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All women have two copies of the so-called "breast cancer genes," BRCA-1 and BRCA-2. When functioning properly, these genes are thought to help suppress the growth of cancerous cells. If one copy of these tumor suppressor genes becomes damaged, the other copy can act as a "brake" on uncontrolled cell growth. Scientists have identified at least four other genes that may play a role in breast cancer risk.

Several hundred variations of the BRCA genes have been identified so far. Some of these appear to be linked to an increased risk of breast and ovarian cancer. A woman born with one damaged version of a BRCA gene has only one working set of "brakes" for uncontrolled cell growth. If her second BRCA gene becomes damaged by exposure to carcinogens, the woman can develop cancer. BRCA variants, in and of themselves, do not cause cancer. However, women who inherit certain variants appear to be more susceptible to environmental carcinogens.

Inherited mutations appear to play a role in only about 5% of breast and ovarian cancer cases. The remaining 95% apparently do not involve inherited mutations.

It is now possible to test women to see if they have inherited an altered BRCA gene. Such testing offers few clear advantages:

  • A positive test for a cancer-associated BRCA variant will not tell you if you are going to get breast or ovarian cancer. It simply means that you have one of many possible factors which may increase your likelihood of getting cancer, and therefore may have a higher than "average" risk of developing this condition.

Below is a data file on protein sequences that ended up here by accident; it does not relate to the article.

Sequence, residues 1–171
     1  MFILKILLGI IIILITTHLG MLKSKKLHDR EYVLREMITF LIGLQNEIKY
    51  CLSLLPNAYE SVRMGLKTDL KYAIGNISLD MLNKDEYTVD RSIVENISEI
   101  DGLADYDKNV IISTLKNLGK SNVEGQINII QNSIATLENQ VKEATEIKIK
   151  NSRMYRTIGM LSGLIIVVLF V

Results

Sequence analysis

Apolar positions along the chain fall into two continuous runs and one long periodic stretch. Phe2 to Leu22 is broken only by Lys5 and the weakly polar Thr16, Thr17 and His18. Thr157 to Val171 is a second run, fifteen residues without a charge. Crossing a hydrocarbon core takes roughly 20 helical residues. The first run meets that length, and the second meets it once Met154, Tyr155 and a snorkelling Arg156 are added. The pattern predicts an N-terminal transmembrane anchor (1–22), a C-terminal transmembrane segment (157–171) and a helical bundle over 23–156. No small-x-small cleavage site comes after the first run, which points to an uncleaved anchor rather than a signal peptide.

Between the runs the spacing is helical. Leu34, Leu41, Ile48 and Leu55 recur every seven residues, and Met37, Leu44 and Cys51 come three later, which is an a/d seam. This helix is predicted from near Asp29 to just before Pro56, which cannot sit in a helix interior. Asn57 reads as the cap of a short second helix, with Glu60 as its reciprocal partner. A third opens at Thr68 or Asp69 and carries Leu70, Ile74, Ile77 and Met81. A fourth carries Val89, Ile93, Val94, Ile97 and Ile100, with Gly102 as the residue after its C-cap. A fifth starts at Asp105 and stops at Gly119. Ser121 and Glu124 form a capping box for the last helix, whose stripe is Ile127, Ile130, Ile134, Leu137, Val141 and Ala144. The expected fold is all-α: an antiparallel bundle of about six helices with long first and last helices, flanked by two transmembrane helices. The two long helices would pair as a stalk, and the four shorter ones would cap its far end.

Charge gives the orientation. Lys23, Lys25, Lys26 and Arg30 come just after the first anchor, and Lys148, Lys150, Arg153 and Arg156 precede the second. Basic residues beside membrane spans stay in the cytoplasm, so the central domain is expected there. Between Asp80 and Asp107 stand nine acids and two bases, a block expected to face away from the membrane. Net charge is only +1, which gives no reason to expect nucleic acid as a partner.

• A negative test for a BRCA variant does not mean that you will not get breast or ovarian cancer. It means that your risk is approximately the "average" lifetime risk for breast cancer. One out of every nine women in the United States will develop breast cancer during her lifetime.
  • There is no known effective prevention for breast or ovarian cancer. The surgical removal of healthy breast and ovarian tissue is believed by some to lower a woman’s risk of cancer, but it cannot eliminate it.

Getting tested can have many adverse effects:

  • Testing positive can have devastating psychological effects. This can impact not only the individual who is tested but her entire family, all of whom may share her genetic risk status.
  • Positive test results can lead to discrimination. Healthy people who carry genes linked to risk of future disease are vulnerable to discrimination in insurance, employment and other arenas.
  • Tests with limited predictive value may lead to women having unnecessary surgery, such as prophylactic mastectomies and oophorectomies.
  • The overemphasis on genetic factors in cancer, when environmental carcinogens are known to make major contributions, takes attention away from environmental clean-up measures that could, in fact, reduce the incidence of cancer. Current research has identified links between cancer and a host of nongenetic factors, including organochlorides, estrogen and estrogen-like chemicals, pesticides, radiation, bovine growth hormone, diet and exercise. The "geneticization" of cancer creates a blame-the-victim mindset that obscures these social and environmental factors.

Until we have effective prevention strategies, tests for variants of so-called "cancer genes" benefit mainly the commercial companies that market them, who stand to make huge profits by exploiting women’s justifiable fear of cancer.

For more information, contact: Boston Women’s Health Book Collective, publishers of the highly influential women's health book, Our Bodies, Ourselves. Telephone: (617) 414-1230 Website: www.bwhbc.org

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